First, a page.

Yet there was no way around the handling of this extraordinary predicament – knowledge that a bad thing had been done to underage girls by a team member, yet being unable to remove aspersions from the innocent, much less take action until the allegation of criminal activity was validated or dismissed.

All were left to swing in the wind.

Romar and the university had to wait until now, even though it was widely understood around campus and town that the perp was Overton, news that was tweeted up and down the West Coast, making him the target of teasing and taunts, some vicious, at every road stop.

Suspending Overton for the tourney after a charge was filed, was the right thing to do, regardless of competitive consequences. A good argument can be made that Overton, a senior, deserves to be fired now, including any subsequent postseason tourney. But in a somber press conference Tuesday, Romar suggested other action has been taken.

“There have been some internal dealings with Venoy that I won’t go into, because it’s family stuff,” he said. “But I did not want to outwardly discipline twice.”

There is a law against double jeopardy, but the legal issue is down to a misdemeanor. This is a team-rules and image issue. The fact that the allegations of forced sex failed to rise to a prosecutable case doesn’t mean a bad thing didn’t happen, and Romar’s program has taken a hit that keeps on hurting into a third month. As soon as Washington is done with the season, Romar would do the program a favor by explaining, in a situation that no longer has many secrets, what has gone down.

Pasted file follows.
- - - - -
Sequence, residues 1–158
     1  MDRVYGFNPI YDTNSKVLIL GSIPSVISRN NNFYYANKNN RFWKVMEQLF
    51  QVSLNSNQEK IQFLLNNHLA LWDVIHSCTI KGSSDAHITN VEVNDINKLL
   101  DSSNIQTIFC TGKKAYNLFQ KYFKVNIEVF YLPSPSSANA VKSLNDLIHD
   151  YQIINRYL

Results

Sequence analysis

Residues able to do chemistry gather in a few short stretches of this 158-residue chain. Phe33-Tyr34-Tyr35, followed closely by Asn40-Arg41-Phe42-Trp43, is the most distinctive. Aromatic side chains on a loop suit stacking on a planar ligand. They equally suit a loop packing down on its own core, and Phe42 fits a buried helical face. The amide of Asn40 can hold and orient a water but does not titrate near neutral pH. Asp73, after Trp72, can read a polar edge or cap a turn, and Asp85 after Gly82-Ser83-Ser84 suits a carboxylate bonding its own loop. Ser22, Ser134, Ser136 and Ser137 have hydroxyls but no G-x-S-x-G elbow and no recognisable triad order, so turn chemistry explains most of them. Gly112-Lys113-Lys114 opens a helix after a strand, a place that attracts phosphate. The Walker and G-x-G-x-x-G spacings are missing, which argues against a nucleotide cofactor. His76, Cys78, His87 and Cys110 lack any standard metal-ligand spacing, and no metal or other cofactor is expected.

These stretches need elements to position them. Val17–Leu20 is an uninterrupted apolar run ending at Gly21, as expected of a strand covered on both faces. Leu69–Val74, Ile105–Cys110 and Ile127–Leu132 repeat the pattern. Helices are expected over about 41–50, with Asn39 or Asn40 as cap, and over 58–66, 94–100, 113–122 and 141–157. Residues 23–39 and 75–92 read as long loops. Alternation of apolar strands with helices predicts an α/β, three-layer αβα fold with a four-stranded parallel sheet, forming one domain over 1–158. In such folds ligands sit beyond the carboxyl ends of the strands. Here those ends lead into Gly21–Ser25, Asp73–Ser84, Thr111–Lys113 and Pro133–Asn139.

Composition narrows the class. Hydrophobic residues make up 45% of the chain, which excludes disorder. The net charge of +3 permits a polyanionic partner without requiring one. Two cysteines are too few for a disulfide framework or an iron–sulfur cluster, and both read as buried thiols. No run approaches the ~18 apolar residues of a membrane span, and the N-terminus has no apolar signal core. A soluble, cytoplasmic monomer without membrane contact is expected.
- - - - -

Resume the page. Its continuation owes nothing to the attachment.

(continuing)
On the other hand, throwing away Overton now just to prove Romar is a disciplinarian isn’t likely to repair a team image, nor help Overton. The damage has been done; a salvage operation has to be undertaken.

Overton messed up big time, causing problems for many and grief for some. Basketball is secondary to what needs to be done to repair some lives and reputations.

“This has been the toughest year since I’ve been a coach here, for me,” Romar said. His elaboration included the injury losses of Tyreese Breshers and Abdul Gaddy, but the burden unmentioned was managing Overton, as well as the reactions to him by teammates and the public.

It will continue for what remains of the season. Regarding a discipline issue, it’s about as uncontrollable a situation as a coach can have; this isn’t Klay Thompson getting caught with some pot in his car and serving a one-game suspension that’s easily forgotten by media and most Washington State fans.

Discussion about this odd, rare circumstance will follow Washington to Los Angeles, and presuming some grace/desperation on the part of the selection committee, into the NCAA tourney.